• Inside security surveillance video. Video can make or break an injury claim. When a golf cart in an airport terminal mowed down a woman in the concourse, we immediately sent an open records request for surveillance video in the area where it happened.  Two cameras caught from different angles the golf cart speeding through the concourse and crashing into our client without warning. That eliminated all potential defenses on liability, which surely would have been hard fought. On the other hand, when a potential client came to me with a story of how his leg was broken at a “big box” home improvement store, I contacted the chain’s general counsel and suggested that we look at the video together. I went to their office, sat down in the law department office and watched the video of the incident. It was obvious that my potential client’s story was, to put it mildly, inaccurate. It saved me a lot of time and trouble.
  • video 1Outside security cameras. Urban areas are increasingly blanketed with surveillance cameras. This was highlighted after the Boston Marathon bombing when the bombers were caught on numerous cameras. When we are hired early enough, we check out the surrounding area for cameras that might have inadvertently recorded anything of interest. Security cameras on stores, shopping centers, service stations, banks, ATM machines, etc. are of potential interest. In one of our cases, a security camera on a nearby store recorded not the crash itself but the last moments leading up to it.
  • Public safety surveillance cameras. A higher level of video surveillance is operated by city governments and even the Department of Homeland Security. When a serious accident happens in a critical area of a city or in the national transportation infrastructure, we send an Open Records Act (state) or Freedom of Information Act (federal) for production of video recorded in the minutes surrounding the incident.People often ask if we can retrieve video from DOT traffic monitoring cameras, but they consistently deny that any recordings are retained. Usually we don’t get anything useful from any of the public surveillance systems, but when we do it can be really good stuff.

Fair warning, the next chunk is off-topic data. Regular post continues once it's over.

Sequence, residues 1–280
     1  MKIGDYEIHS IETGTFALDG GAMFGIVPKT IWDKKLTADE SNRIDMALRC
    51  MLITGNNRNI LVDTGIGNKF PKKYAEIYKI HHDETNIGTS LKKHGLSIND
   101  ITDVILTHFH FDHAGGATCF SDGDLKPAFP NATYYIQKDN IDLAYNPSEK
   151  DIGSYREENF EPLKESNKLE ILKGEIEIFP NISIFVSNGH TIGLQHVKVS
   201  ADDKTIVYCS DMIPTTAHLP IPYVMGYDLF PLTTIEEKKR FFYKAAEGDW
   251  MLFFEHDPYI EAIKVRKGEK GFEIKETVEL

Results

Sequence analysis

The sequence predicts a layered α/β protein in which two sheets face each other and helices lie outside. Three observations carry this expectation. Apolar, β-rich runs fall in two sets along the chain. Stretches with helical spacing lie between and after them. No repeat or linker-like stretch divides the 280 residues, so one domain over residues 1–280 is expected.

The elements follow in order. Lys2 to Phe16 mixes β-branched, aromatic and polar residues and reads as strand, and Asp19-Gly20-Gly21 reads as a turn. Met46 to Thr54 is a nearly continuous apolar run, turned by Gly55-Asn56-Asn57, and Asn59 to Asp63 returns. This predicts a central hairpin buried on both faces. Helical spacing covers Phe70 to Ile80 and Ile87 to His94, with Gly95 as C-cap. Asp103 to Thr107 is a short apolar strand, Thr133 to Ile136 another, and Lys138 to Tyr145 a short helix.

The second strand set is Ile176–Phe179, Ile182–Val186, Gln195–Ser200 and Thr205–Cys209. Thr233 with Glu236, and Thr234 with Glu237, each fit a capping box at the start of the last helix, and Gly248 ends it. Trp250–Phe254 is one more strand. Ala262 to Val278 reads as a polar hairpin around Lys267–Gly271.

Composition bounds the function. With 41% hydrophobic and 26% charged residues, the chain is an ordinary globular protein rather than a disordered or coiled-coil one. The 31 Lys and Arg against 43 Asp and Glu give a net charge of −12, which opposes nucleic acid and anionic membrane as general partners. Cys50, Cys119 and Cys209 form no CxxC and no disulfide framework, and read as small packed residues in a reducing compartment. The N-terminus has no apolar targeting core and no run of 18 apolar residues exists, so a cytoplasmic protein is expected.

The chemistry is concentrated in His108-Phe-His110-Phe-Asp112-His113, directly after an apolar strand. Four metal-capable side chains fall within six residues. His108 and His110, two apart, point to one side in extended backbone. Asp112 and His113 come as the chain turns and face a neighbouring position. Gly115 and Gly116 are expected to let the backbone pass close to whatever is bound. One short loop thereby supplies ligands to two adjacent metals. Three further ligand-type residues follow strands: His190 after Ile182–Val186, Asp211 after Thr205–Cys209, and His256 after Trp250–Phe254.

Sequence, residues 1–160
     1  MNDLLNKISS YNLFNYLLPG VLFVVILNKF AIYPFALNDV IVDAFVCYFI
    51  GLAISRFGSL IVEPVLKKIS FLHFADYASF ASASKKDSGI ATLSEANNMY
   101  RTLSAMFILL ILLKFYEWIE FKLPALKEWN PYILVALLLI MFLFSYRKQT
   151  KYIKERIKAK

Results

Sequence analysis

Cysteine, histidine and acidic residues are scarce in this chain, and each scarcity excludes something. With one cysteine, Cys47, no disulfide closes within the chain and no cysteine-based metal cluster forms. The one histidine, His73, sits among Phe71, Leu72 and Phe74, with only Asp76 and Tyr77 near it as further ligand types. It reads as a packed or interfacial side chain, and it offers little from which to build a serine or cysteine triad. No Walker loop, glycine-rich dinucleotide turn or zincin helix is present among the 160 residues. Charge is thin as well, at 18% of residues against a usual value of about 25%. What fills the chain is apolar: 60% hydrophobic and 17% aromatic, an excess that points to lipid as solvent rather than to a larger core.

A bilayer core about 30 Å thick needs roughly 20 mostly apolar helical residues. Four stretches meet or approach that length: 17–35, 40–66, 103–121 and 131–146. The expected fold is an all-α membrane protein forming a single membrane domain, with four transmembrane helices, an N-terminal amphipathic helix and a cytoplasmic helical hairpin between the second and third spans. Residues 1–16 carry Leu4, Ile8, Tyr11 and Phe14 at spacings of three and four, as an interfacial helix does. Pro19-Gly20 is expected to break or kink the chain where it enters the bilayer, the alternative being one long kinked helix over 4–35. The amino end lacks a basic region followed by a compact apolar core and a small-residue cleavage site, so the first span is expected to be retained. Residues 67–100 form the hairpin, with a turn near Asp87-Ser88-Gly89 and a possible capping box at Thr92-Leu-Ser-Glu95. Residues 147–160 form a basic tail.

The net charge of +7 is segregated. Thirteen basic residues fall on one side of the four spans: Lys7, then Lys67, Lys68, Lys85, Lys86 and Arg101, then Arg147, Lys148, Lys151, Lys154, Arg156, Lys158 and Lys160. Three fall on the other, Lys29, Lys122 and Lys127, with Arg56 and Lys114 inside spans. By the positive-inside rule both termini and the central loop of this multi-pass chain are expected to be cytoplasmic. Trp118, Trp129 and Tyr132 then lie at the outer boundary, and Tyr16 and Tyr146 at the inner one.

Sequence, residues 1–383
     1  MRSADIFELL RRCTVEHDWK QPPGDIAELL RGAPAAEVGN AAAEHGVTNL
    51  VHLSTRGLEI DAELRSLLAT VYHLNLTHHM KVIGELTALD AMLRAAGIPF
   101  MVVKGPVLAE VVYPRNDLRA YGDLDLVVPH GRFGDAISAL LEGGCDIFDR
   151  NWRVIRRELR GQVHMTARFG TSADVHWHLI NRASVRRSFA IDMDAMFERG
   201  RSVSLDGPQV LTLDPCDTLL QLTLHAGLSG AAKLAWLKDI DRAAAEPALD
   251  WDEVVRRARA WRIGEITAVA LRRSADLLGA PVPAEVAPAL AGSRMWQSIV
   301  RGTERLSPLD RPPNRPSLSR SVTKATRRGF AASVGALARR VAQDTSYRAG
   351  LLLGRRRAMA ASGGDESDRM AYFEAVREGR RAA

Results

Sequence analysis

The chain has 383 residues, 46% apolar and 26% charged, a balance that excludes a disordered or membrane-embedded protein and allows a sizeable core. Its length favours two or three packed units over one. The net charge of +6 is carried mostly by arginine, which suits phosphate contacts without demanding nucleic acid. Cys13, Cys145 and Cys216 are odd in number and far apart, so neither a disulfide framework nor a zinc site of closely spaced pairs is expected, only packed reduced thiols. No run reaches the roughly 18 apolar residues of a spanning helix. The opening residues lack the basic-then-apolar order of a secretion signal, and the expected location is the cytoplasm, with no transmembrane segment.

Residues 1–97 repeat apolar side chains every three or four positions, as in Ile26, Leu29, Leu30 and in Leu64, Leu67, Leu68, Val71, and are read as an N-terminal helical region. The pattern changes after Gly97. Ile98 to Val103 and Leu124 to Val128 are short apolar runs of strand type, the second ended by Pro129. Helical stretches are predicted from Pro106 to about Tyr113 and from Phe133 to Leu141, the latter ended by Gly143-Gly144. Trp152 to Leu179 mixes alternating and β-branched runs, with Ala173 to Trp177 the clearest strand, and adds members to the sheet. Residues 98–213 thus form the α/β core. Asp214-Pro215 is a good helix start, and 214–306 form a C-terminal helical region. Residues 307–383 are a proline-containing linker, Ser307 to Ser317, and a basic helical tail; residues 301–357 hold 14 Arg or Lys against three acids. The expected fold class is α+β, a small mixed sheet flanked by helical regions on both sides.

• Camera phones. Years ago, we would check with firemen who might have carried disposable cameras in their pockets when responding to major crashes. That led to discovery of some extremely dramatic scene photography. Now, in an era when virtually anyone at the scene is likely to have a cell phone that includes both still and video camera capabilities, investigation can include a broad search for individuals who may have recorded clips for themselves. That is a difficult search.

The downside of all this is that jurors may expect to see video in every case, much as TV shows like CSI lead some to expect DNA evidence in every case. Sometimes it is there, sometimes not. But jurors should understand the absence of particular forms of evidence does not preclude finding proof by a preponderance of evidence.


Ken Shigley is an Atlanta trial attorney focused on serious personal injury and wrongful death cases. He is currently chair of the American Association for Justice Motor Vehicle Collision, Highway & Premises Liability Section. Previously he served as president of the State Bar of Georgia and chair of the board of trustees of theInstitute for Continuing Legal Education in Georgia. He is lead author of Georgia Law of Torts: Trial Preparation and Practice and a board certified civil trial attorney of the National Board of Trial Advocacy.